Gov. Edwards anticipates Zeta will mainly be a wind event for southeast La.; files lawsuit in defense of public health emergency
BATON ROUGE, La. (WAFB) - Gov. John Bel Edwards said the state is preparing for impacts from Hurricane Zeta, which will likely make landfall in the southeastern part of the state Wednesday, Oct. 28.
Gov. Edwards says the biggest threat from Zeta appears to be from hurricane-force winds. Forecasters anticipate about two to four inches of rainfall across the state from Zeta, but the governor said rainfall totals could be higher in certain areas.
The governor said his administration is currently coordinating with local officials in southeast Louisiana to prepare for the storm.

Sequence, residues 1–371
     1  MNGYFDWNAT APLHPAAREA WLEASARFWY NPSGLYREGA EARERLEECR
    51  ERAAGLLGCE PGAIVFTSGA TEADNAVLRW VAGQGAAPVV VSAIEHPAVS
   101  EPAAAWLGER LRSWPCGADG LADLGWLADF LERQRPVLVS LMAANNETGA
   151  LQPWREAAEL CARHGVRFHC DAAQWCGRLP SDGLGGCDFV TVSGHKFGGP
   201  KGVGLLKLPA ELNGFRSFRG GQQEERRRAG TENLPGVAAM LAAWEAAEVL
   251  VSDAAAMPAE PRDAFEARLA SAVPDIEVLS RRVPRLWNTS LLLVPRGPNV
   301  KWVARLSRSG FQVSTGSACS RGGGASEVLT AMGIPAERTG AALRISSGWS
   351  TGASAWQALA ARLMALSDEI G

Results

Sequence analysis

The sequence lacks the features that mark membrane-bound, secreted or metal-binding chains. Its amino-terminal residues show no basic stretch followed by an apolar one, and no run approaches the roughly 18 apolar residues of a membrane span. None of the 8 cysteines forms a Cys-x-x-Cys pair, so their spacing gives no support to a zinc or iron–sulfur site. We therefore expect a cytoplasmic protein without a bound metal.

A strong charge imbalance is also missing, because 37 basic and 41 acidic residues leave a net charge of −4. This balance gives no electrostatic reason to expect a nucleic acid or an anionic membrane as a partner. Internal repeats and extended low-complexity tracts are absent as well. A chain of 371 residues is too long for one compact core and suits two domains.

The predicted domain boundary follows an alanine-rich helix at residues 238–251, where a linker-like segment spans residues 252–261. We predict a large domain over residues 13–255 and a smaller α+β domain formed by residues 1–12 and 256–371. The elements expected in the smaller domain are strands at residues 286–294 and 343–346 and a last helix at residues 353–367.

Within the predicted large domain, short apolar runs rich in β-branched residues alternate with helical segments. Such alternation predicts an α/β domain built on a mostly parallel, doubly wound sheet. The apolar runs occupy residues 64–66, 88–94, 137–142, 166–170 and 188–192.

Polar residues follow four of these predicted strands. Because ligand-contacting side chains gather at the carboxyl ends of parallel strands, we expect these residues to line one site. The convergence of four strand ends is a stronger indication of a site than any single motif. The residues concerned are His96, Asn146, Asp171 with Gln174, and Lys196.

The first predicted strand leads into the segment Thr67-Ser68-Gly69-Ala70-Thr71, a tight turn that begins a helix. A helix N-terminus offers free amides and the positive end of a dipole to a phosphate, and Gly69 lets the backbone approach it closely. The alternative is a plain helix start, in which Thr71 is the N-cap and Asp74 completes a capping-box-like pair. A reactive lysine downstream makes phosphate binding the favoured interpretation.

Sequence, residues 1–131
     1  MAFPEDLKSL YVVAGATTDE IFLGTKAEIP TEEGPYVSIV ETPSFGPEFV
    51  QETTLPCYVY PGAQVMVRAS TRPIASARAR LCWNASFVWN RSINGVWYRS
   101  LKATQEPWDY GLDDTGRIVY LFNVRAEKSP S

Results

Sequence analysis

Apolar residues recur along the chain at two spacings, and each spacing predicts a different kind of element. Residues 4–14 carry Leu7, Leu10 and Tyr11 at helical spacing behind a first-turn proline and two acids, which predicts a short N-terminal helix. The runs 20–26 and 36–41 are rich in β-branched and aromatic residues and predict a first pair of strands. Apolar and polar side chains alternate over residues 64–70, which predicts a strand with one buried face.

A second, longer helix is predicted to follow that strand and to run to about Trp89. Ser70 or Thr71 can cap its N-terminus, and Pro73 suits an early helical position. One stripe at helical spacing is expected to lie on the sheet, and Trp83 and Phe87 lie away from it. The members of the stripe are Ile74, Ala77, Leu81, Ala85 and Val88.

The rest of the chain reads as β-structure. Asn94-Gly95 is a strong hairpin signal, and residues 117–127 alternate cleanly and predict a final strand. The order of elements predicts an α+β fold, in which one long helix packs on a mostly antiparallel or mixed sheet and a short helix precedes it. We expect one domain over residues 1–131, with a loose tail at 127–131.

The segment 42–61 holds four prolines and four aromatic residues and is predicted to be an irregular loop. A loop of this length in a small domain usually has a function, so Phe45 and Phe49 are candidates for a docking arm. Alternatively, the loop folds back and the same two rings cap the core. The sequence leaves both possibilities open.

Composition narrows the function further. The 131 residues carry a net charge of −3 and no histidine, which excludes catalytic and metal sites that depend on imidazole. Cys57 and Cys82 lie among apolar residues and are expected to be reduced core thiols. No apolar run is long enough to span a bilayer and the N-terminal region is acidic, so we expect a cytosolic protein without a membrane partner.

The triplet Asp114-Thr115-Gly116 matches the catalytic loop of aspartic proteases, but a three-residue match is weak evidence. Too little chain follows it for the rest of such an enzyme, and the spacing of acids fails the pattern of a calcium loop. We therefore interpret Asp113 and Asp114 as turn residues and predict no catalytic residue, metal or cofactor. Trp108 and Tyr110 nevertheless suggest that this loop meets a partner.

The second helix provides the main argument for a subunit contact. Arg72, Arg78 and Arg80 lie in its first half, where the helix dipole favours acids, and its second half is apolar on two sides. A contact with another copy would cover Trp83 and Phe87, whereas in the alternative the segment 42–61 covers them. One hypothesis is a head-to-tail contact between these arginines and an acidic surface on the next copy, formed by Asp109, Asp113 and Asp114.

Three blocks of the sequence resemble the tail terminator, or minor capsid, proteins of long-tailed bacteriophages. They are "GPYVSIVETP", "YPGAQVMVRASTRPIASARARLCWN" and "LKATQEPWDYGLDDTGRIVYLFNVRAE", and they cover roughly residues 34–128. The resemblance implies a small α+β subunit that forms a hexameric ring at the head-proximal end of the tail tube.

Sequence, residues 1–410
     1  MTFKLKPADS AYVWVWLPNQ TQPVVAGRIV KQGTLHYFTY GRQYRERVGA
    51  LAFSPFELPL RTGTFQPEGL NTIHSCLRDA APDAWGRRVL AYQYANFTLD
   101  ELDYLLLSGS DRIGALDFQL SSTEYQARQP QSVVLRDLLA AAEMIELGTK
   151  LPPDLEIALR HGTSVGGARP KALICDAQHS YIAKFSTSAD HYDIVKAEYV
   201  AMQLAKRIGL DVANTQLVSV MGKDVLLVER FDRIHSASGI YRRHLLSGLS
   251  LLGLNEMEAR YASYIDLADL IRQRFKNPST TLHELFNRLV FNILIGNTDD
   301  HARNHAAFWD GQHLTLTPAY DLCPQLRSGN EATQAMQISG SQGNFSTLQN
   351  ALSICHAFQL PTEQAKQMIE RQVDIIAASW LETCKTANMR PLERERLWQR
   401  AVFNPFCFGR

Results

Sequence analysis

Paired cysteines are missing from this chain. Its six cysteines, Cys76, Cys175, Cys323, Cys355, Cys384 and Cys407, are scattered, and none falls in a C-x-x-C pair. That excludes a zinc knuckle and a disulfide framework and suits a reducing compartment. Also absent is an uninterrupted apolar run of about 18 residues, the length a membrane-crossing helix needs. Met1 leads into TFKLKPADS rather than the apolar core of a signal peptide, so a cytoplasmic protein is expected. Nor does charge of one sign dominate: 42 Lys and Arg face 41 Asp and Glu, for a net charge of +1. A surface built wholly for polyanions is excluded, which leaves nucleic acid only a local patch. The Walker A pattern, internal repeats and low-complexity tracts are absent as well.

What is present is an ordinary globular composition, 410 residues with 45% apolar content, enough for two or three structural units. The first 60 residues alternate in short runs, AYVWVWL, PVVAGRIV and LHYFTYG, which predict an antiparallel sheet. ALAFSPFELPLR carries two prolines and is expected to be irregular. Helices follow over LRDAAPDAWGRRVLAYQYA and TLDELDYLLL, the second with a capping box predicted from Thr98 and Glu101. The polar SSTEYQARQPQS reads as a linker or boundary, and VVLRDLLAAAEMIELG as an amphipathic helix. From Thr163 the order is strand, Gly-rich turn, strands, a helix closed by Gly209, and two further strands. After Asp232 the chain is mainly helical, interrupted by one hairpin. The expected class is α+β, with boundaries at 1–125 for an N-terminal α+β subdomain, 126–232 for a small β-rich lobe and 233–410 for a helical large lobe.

Gov. Edwards has already declared a state of emergency ahead of Zeta, the eighth emergency declaration he has signed this year. He urged residents to pay close attention to Zeta’s forecast and continue to practice COVID-19 prevention measures.
The governor also announced his administration has filed a lawsuit in the state’s 19th Judicial District Court in defense of his COVID-19 public health emergency proclamation.
A group of 64 Republican House legislators signed a petition Friday, Oct. 23 that overturns his COVID-19 restrictions, including his statewide mask mandate.
Gov. Edwards claims the petition is unconstitutional because one chamber of the legislature cannot overturn a public health emergency declared by the governor.
He also says he is not currently violating any laws because he cannot violate a law that is unconstitutional.
To read the lawsuit filed by the governor’s administration, click here.
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